Esteemed Federal Judges Demonstrate Possibility of Success in Legal Field

Lorah Steichen

Photo by Emily Volpert

Last Friday, Oct. 4, students interested in law traded their casual attire for their finest formal dress in order to attend a lunch with three of the most distinguished federal judges on the West Coast. The lunch was an interactive question and answer session held in Memorial 331, where Whitman students had the opportunity to interact with three models of success in the legal field.

This event was just one of a diverse schedule of activities¬†planned around the visit of Federal Judges Richard Jones, Ricardo Martinez and James Robart. The event was organized between President Bridges and Judge Robart ’69, a former member of the Whitman Board of Trustees. The judges’ visit was designed to give Whitman students the opportunity to connect with prominent¬†leaders in the legal community.

“I thought it would be a really cool opportunity to interact with really influential people in the legal community who were obviously successful lawyers and reached the top of their profession,” said sophomore Jack Percival.¬†“I also thought it was neat that one of them was a Whitman alumnus, and I thought that it would be really insightful for him to share his experiences transitioning from Whitman to law school.”

Although the visit from the judges was primarily beneficial to students interested in pursuing law, a multitude of programs were scheduled to reach a range of students. In addition to the question-and-answer style lunchtime event, the judges attended Assistant Professor of Politics Jack Jackson’s Constitutional Law class, met with “State of the State for Washington Latinos” students, discussed leadership with the men’s and women’s basketball teams, and sat down with student activists at the Glover Alston Center (GAC).

“They’re people who are incredibly successful in the legal community, so they want to connect with students who are interested in going into law. They’re leaders, so they’re interested in connecting with groups of students that are really focusing on leadership … and they’re also people who are from communities that face extra challenges to reach the levels of success that they have” said Assistant Dean for Student Engagement and pre-law advisor Noah Leavitt.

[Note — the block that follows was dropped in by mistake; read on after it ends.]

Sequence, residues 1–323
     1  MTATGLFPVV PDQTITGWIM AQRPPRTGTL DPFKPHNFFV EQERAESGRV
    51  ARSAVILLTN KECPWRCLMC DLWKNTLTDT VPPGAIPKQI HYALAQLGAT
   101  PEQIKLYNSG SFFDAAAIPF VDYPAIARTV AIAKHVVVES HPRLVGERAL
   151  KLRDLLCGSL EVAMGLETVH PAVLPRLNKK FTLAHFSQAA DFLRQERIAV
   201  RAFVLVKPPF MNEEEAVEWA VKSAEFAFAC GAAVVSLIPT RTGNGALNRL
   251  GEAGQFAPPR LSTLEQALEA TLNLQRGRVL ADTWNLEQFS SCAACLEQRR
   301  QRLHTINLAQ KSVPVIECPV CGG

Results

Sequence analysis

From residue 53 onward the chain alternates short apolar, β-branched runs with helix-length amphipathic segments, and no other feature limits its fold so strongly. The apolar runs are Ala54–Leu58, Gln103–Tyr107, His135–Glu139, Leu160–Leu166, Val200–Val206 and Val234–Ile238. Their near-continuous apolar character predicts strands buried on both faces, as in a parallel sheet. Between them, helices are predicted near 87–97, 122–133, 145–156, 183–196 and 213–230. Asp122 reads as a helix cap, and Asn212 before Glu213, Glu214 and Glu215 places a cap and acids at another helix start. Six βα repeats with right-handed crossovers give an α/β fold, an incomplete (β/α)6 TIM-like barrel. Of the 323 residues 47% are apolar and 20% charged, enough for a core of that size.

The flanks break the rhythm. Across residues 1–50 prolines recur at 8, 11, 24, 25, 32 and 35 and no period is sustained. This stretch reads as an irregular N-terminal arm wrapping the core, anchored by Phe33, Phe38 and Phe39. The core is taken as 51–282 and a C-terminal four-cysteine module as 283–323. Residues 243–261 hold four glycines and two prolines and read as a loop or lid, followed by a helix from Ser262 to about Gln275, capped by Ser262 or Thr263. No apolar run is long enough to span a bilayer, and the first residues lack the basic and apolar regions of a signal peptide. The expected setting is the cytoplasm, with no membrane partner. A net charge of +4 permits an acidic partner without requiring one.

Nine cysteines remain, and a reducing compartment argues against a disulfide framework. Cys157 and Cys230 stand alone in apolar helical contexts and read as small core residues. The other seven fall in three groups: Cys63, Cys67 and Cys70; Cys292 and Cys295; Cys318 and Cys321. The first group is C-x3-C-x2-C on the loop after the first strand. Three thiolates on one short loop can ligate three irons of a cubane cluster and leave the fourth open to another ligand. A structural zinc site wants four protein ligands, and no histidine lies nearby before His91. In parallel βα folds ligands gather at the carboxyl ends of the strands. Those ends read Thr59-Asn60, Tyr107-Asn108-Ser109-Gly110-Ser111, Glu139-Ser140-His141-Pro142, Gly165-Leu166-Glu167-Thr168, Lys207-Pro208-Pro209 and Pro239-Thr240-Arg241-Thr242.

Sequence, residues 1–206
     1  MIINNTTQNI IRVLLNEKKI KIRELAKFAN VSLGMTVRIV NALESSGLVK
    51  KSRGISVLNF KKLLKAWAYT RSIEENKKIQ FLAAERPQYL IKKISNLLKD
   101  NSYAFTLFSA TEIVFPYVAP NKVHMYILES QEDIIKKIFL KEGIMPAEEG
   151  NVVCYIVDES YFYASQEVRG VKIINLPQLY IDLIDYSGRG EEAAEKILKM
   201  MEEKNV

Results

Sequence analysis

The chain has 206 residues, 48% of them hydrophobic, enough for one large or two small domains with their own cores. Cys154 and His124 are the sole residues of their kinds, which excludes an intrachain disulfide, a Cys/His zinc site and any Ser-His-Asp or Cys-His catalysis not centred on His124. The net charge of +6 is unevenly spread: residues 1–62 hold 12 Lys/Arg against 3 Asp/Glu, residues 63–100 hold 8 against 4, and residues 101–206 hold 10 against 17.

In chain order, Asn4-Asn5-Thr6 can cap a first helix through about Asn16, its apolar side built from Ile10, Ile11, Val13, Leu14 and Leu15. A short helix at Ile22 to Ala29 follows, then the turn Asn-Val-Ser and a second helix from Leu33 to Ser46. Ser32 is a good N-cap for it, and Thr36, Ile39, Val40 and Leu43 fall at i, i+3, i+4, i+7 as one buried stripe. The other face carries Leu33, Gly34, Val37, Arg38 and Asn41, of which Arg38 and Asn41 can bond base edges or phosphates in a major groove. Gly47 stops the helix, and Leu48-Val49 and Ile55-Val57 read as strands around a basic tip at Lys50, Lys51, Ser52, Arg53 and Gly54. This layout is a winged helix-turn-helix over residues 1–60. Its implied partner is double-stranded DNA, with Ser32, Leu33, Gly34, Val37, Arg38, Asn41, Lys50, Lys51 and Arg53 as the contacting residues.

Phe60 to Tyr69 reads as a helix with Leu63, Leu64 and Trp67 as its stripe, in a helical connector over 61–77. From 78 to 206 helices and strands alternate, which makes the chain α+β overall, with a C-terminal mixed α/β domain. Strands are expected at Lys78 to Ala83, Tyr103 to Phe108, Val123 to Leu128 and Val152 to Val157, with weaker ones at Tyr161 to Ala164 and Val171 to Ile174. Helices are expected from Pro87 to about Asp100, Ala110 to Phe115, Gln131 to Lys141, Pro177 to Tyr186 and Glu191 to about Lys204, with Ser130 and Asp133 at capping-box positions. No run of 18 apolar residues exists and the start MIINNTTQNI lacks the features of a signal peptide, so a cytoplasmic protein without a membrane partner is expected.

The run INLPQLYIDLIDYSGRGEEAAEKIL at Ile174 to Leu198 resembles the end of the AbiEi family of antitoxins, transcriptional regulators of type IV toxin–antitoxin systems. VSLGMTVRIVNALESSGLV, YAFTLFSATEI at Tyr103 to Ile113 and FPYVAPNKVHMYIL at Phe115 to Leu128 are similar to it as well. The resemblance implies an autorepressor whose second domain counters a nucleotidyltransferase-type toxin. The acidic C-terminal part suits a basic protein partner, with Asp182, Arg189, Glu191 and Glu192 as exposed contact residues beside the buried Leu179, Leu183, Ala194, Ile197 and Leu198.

Photo by Emily Volpert

These themes were particularly relevant in the discussion that students had with the judges on Friday afternoon at the GAC. The Intercultural Center hosted an intimate session where student activists from a range of student organizations had the opportunity to ask the judges questions not only of their professional background but also about the personal obstacles each has faced along the way.

Judge Martinez was the first member in his family to attend high school before becoming the first Latino judge in the Western District of Washington. Judge Jones is an African-American attorney who overcame similar odds before becoming a United States Federal District judge. United States Federal Judge Robart also came from working-class roots.

“I watched my mom and my dad work at terrible jobs, menial jobs to be able to put food on the table and put a roof over our head … You guys have this incredible opportunity to do something different … You’re already at a school like this. That’s an incredible upside to so many other people that don’t have that same opportunity,” said Martinez.

The dialogue that ensued between the judges and students played out so naturally that it ran a half hour over schedule. Students in attendance seemed to really connect with the judges and appreciate the candid discussion.

“I think [the event] went really well,” said Intercultural Center Intern junior Alisha Agard, who helped organize the event. “It kind of leveled the playing field, so it wasn’t as if these judges were talking to us and we were at a lecture, but there was more interaction and I felt like we were people having a chill conversation. So that was really cool.”

Photo by Emily Volpert